High-quality care for under fives results in stronger STEM success
Children who have access to high-quality early childhood education and care (ECEC) in the years before school do better in science, technology, engineering and mathematics (STEM) when they reach high school, new research has shown.
The link is strongest with children from low-income backgrounds, researchers found, sharing their findings in the journal Developmental Psychology.
“Our results suggest that caregiving quality in early childhood can build a strong foundation for a trajectory of STEM success,” shared lead author Andres S. Bustamante from the University of California Irvine.
“Investing in quality childcare and early childhood education could help remedy the underrepresentation of racially and ethnically diverse populations in STEM fields,” he added.
Many studies have demonstrated that higher quality caregiving in early childhood is associated with better school readiness for young children from low-income families. However, not as many have looked at how the effects of early childcare extend into high school, and even fewer have focused specifically on STEM subjects, according to Dr Bustamante.
Along with his colleagues, Dr Bustamante examined data from 979 families who participated in the National Institute of Child Health and Human Development Study of Early Child Care and Youth Development, from the time of the child’s birth in 1991 until 2006.
As part of the study, trained observers visited the daycares and preschools of all the children who were enrolled for 10 or more hours per week. The observers visited when the children were 6, 15, 24, 36 and 54 months old, and rated two aspects of the childcare:
- the extent to which the caregivers provided a warm and supportive environment and responded to children’s interests and emotions; and,
- the amount of cognitive stimulation they provided through using rich language, asking questions to probe the children’s thinking, and providing feedback to deepen the children’s understanding of concepts.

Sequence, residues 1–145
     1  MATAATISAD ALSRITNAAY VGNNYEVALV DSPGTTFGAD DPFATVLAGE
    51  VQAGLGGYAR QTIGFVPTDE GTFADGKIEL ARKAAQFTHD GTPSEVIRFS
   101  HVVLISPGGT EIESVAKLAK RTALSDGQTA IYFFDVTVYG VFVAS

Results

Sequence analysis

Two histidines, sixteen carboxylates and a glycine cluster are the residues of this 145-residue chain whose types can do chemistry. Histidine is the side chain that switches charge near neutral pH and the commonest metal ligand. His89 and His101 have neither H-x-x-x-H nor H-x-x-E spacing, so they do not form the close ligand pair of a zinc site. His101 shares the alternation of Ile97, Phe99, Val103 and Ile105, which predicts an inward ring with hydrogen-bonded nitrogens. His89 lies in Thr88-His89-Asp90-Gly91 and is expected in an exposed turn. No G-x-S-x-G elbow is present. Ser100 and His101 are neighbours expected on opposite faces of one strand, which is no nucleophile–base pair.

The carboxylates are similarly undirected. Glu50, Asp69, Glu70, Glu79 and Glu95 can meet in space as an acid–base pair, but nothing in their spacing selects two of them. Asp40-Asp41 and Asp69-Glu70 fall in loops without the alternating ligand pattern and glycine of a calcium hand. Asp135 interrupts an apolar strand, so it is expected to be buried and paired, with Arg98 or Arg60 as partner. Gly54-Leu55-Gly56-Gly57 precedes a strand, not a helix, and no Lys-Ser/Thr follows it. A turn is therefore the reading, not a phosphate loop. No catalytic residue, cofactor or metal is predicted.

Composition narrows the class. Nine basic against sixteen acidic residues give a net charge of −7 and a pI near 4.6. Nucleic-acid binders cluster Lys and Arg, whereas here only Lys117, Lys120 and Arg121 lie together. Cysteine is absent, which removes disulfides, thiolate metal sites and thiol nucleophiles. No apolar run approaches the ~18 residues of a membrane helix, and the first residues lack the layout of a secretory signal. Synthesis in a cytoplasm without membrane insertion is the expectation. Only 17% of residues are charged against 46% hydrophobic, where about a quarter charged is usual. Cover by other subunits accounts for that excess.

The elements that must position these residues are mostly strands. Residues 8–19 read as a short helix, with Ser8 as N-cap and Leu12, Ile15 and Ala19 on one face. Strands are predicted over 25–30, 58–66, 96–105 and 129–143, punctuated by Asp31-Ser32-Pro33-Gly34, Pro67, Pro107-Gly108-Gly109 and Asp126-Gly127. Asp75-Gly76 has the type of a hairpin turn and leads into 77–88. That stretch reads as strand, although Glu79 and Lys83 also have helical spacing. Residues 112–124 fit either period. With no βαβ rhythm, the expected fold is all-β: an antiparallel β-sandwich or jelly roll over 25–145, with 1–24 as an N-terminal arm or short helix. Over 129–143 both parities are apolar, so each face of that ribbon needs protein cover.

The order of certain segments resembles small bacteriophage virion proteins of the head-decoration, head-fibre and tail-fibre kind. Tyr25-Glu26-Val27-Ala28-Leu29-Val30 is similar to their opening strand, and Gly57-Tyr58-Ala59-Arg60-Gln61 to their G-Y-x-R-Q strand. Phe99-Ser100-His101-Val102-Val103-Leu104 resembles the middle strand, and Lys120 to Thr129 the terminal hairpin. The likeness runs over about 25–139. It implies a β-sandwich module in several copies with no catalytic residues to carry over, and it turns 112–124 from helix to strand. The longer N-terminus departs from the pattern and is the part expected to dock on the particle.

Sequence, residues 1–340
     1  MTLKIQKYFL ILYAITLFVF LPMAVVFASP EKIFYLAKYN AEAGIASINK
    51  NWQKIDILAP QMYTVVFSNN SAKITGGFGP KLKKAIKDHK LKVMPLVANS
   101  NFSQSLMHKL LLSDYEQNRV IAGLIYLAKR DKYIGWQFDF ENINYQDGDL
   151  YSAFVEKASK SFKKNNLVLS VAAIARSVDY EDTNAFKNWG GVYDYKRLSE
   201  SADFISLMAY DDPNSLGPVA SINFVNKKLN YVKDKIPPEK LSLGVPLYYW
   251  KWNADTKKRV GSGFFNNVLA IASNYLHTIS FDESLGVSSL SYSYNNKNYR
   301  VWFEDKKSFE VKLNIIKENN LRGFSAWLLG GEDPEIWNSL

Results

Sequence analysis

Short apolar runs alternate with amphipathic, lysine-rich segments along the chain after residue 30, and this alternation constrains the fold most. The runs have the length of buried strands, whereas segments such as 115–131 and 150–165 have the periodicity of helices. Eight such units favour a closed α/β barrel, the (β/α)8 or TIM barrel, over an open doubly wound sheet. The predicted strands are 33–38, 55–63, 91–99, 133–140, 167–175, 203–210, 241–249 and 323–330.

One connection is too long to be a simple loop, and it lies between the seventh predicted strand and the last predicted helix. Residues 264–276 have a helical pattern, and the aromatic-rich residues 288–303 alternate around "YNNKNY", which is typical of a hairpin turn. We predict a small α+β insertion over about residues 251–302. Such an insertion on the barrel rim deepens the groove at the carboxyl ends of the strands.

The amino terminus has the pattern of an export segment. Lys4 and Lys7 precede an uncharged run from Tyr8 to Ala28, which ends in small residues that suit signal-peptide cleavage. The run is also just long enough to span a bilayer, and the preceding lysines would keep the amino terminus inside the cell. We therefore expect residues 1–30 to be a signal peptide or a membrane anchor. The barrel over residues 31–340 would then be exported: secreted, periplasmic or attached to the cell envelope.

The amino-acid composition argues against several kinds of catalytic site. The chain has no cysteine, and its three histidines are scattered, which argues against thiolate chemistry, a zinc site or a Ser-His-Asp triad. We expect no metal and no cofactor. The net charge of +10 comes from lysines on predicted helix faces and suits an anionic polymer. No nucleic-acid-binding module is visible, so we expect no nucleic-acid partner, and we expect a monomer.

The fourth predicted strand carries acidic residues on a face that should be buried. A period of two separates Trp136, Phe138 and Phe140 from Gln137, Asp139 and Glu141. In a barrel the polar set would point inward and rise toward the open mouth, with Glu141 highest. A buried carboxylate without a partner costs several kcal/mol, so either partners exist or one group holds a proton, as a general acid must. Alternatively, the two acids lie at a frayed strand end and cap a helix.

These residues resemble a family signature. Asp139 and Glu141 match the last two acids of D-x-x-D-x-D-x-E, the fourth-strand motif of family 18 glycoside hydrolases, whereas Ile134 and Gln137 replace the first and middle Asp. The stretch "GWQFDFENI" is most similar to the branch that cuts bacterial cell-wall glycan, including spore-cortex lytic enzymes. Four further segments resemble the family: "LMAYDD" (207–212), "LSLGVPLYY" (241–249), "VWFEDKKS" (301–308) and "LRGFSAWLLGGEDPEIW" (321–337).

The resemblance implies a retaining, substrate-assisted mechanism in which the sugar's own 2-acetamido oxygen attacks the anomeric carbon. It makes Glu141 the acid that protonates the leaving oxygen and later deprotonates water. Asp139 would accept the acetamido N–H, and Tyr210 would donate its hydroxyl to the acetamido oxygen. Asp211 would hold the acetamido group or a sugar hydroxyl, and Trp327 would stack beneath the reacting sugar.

The researchers then looked at how the students performed in STEM subjects in elementary and high school. To measure STEM success, they examined the children’s scores on the math and reasoning portions of a standardised test in grades three to five. To measure high school achievement, the researchers looked at standardized test scores and the students’ most advanced science course completed, the most advanced math course completed, GPA in science courses and GPA in math courses.
Overall, they found that both aspects of caregiving quality (more cognitive stimulation and better caregiver sensitivity-responsivity) predicted greater STEM achievement in late elementary school, which in turn predicted greater STEM achievement in high school at age 15 years.
Sensitive and responsive caregiving in early childhood was a stronger predictor of high school STEM performance for children from low-income families compared with children from higher income families.
While the researchers went into their learning, they soon learned that caregiver sensitivity and responsiveness was just as predictive of later STEM outcomes, highlighting the importance of children’s social emotional development and settings that support cognitive and social emotional skills.
Overall, Dr Bustamante said, research and theory suggest that high-quality early care practices support a strong foundation for science learning.
“Together, these results highlight caregiver cognitive stimulation and sensitivity and responsiveness in early childhood as an area for investment to strengthen the STEM pipeline, particularly for children from low-income households.”
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